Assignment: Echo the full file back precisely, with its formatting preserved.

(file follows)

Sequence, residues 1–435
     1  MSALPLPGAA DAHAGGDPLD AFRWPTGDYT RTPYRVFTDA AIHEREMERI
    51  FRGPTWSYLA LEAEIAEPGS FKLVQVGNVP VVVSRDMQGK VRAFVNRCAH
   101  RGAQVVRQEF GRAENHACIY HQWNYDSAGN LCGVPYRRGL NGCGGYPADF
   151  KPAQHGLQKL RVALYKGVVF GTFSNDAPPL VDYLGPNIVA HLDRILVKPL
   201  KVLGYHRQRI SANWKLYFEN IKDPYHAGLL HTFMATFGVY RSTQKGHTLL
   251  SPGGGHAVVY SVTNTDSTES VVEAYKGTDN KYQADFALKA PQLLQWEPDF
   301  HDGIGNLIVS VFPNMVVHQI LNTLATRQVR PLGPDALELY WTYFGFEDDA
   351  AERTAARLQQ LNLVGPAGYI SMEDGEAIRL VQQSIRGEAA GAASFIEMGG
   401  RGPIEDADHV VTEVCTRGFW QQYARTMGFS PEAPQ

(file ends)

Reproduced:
Sequence, residues 1–435
     1  MSALPLPGAA DAHAGGDPLD AFRWPTGDYT RTPYRVFTDA AIHEREMERI
    51  FRGPTWSYLA LEAEIAEPGS FKLVQVGNVP VVVSRDMQGK VRAFVNRCAH
   101  RGAQVVRQEF GRAENHACIY HQWNYDSAGN LCGVPYRRGL NGCGGYPADF
   151  KPAQHGLQKL RVALYKGVVF GTFSNDAPPL VDYLGPNIVA HLDRILVKPL
   201  KVLGYHRQRI SANWKLYFEN IKDPYHAGLL HTFMATFGVY RSTQKGHTLL
   251  SPGGGHAVVY SVTNTDSTES VVEAYKGTDN KYQADFALKA PQLLQWEPDF
   301  HDGIGNLIVS VFPNMVVHQI LNTLATRQVR PLGPDALELY WTYFGFEDDA
   351  AERTAARLQQ LNLVGPAGYI SMEDGEAIRL VQQSIRGEAA GAASFIEMGG
   401  RGPIEDADHV VTEVCTRGFW QQYARTMGFS PEAPQ